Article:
Question about Epson Stylus NX400 InkJet Printer
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Posted on Jan 02, 2017
First of all, there is the seller's liability here. If it's from eBay, there's some protection feature for you to use. The "prints blank pages" problem is believed to be caused by a clogged purge tube. Here is a guide I found that exlpains the problem, and how to solve it: Recently, after changing out the blank ink tank on my finacee's Epson CX5400 multifunction inkjet printer, the printer began printing nothing but blank pages. Even after doing multiple head cleanings and test prints, pages would emerge from the printer completely blank. After some research, a number of fellow CX5400 owners have reported having the same problems, to the extent that the term "design flaw" became a common theme. I've owned several Epson printers and have had, generally, good luck with them. I was always somewhat suspicious of Epson's philosophy of making the print heads a permanent part of the printer and having the only replaceable part be the ink tanks, but it produced good-looking prints so it didn't bother me. Now I know, unfortunately, that this system is both a blessing and a curse. Before we delve into how to fix your blank-page-printing problem, a quick explanation on how Epson's ink delivery system works (or, rather, how it appears Epson's ink delivery system works, because Epson isn't exactly willing to divulge its trade secrets) is in order. There are a few components to the delivery system. First, you have the ink tanks. Early Epson tanks were just that; plastic boxes with a sponge inside saturated with ink. Newer tanks have a small PCB with a flash chip on it, so the printer can tell if a tank is new or used, or if it's an Epson brand cartridge or a generic replacement. In either case, the basic functionality is that it's a holder for the ink. Next in the chain are the ink tubes and primer. I've heard conflicting reports on how Epson printers get the ink out of the tanks; some believe that the tanks are positively pressurized when first installed, so that ink shoots out of the tank when the printer needs it. Other reports say that the printer puts negative pressure on the cartridge to draw ink out of it. Once the printer has the ink out of the cartridge, there are two places it can go, to either the print heads or to the purge tube. The print heads are what makes the ink spray onto the paper; the purge tube is where the ink goes when the printer primes new cartridges and cleans dirty print heads. Many cases of the "prints blank pages" problem occur right after installing new ink tanks. People have literally removed empty tanks from printers that work perfectly, and installed new tanks to find that the printer delivers blank pages (this happened to me). Since it's highly unlikely that the print heads have become clogged during the 5 minutes it takes to swap out the cartridges, the problem has to be elsewhere in the ink delivery system. So here's what happens when you install a new ink tank: 1. The new tank is installed, the printer recognizes that it's a new tank, and begins the priming sequence. 2. The printer starts to prime the tank. Ink comes out of each tank and is directed to the purge tube. 3. The ink flows through the purge tube into the internal absorbent pad. 4. After a couple seconds, the printer stops the priming sequence and probably does a quick print head cleaning. Now, a few people have done some in-depth troubleshooting and found that the "prints blank pages" problem is actually caused by a clogged purge tube. While this may not immediately make sense (you may be thinking, "so what if the tube is clogged, the ink will just spill inside the printer elsewhere"), here's what my research suggests happens when the problem occurs: 1. The new tank is installed, the printer recognizes that it's a new tank, and begins the priming sequence. 2. The printer starts to prime the tank. Ink comes out of each tank and is directed to the purge tube. 3. The tube is blocked, so the ink has nowhere to go. 4. After a couple seconds, the printer stops the priming sequence. Epson's ink delivery system appears to be a sealed system, so when the ink has nowhere to go in step 3, little ink has actually escaped the new ink tanks. This means they're not primed correctly, and won't deliver ink as they need to when the printer goes to print. So unless the purge tube gets cleaned out, you can swap tanks and perform head cleanings until the cows come home and it won't do any good. Now that there's a basic understanding of what's going on, here's how to try to fix the problem. This guide is meant to be model-agnostic; I did this procedure to a Stylus CX5400 multifunction, but it should be similar for most Epson inkjets made in the past few years. It's unknown if new Epsons still have this problem, as it usually takes a year or more to surface. The first thing you need to do is prepare your work surface. You'll need a big table, preferably one you don't care too much about. If all you have is your good kitchen table, then it's a good idea to slice open a tall kitchen garbage bag to make one large sheet, and tape it to the table to protect it. Next, you'll need the following tools and supplies: (View attached picture)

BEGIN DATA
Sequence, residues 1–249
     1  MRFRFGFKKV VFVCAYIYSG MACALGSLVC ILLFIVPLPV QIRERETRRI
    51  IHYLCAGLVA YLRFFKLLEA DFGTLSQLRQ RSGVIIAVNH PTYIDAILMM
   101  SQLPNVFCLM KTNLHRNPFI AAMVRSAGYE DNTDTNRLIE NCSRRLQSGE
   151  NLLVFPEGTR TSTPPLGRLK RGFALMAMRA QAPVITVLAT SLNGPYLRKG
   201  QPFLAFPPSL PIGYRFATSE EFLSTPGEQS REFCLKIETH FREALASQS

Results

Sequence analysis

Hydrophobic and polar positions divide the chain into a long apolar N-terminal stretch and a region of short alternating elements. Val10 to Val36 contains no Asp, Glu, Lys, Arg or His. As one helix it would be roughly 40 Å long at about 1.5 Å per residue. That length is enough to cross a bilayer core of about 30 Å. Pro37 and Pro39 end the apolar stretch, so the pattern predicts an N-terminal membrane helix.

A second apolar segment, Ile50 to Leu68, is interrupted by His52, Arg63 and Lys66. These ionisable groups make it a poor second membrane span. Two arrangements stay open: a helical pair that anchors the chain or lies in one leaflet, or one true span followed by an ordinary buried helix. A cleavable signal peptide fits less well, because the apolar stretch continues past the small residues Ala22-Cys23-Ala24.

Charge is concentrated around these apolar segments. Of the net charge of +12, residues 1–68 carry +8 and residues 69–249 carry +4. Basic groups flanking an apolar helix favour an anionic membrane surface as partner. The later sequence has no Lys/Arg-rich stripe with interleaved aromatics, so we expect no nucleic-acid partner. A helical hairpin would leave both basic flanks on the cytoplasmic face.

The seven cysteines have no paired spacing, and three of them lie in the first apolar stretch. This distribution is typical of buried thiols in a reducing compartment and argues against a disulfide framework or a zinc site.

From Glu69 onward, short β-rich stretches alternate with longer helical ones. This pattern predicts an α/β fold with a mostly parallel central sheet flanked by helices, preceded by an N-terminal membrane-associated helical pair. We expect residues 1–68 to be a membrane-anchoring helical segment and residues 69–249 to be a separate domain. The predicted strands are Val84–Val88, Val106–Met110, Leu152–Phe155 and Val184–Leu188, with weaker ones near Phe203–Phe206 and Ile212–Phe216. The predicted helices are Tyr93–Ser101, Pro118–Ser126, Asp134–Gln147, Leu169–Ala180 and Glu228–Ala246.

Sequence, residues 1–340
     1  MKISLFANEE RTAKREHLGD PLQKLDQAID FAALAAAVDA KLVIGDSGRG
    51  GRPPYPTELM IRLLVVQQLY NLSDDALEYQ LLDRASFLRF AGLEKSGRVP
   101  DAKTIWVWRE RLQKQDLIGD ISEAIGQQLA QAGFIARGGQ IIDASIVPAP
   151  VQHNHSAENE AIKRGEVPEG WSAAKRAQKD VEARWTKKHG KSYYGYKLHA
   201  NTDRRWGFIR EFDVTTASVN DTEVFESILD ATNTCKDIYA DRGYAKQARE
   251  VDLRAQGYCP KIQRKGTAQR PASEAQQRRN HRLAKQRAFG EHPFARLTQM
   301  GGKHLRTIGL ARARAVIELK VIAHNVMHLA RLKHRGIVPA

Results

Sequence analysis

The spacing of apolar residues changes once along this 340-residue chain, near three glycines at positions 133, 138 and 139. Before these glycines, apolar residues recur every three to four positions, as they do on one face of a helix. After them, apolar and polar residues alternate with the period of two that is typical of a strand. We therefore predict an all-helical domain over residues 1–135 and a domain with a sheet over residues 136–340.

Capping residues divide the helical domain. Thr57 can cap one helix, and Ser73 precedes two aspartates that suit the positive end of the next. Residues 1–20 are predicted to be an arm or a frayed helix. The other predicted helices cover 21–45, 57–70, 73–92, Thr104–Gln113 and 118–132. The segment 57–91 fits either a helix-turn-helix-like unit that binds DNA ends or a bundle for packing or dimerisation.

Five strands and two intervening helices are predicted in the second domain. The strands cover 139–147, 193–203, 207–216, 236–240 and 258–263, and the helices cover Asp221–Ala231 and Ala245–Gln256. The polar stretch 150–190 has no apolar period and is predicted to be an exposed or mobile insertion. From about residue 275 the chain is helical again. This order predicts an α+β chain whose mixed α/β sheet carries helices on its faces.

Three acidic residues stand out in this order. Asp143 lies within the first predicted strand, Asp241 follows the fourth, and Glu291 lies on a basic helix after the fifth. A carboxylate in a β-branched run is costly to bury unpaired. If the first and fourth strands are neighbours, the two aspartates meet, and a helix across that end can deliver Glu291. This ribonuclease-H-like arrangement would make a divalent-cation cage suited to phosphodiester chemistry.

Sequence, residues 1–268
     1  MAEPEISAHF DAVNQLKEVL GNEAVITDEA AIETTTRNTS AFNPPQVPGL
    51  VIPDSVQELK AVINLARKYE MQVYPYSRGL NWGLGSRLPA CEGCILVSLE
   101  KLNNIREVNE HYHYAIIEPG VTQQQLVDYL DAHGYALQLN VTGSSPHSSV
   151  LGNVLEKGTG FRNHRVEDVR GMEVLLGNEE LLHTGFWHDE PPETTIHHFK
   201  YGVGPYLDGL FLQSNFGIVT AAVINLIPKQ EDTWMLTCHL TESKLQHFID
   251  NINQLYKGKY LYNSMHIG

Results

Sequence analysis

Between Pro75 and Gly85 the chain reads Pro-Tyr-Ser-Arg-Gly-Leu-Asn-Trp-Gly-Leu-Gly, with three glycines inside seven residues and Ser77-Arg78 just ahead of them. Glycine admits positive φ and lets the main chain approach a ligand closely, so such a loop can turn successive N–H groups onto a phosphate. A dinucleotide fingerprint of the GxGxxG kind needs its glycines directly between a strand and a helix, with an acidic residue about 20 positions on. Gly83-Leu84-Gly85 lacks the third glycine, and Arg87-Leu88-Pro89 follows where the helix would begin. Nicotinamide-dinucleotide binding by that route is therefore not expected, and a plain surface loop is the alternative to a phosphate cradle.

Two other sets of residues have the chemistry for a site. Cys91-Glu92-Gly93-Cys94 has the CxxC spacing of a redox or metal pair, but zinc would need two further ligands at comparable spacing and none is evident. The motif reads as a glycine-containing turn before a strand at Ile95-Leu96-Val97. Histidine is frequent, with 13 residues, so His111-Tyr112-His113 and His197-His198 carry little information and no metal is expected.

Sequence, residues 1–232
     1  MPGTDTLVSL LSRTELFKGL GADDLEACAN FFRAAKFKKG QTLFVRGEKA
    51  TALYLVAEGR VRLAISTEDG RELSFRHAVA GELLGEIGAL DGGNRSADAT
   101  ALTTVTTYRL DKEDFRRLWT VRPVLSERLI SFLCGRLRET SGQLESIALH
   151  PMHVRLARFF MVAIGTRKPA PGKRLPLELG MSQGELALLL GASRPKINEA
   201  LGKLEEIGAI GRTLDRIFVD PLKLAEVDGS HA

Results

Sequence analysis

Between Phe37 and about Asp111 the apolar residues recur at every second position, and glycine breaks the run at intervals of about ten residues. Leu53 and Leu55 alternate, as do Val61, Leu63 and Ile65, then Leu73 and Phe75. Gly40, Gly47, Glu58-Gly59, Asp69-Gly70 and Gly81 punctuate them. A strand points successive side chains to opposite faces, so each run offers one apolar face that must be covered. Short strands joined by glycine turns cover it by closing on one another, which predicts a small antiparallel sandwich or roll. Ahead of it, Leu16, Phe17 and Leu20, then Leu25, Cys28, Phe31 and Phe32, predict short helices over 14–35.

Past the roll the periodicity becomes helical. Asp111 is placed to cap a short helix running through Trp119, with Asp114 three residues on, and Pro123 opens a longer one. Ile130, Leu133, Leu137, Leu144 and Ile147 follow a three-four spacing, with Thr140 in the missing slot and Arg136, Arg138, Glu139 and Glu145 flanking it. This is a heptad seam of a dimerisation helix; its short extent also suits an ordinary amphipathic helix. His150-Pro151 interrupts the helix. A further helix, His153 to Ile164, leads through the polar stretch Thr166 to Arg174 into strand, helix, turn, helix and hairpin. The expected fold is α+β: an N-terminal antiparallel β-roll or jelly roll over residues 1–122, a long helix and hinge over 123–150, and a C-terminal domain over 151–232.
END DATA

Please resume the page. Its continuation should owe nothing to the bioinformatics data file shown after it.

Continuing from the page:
Posted on Jun 27, 2006
I have the refillable cartridges and they work great. They come with the "chip" that resets every time you turn it off.
Posted on Jan 08, 2009
If you mean you have a chip resetter and have reset the chip when you say you've "shock the ink cartridge" then it sounds like the chip on the cartridge is damaged and can no longer be reset. To fix the problem you either need to get a replacement chip or a new cartridge.
Posted on Mar 23, 2010
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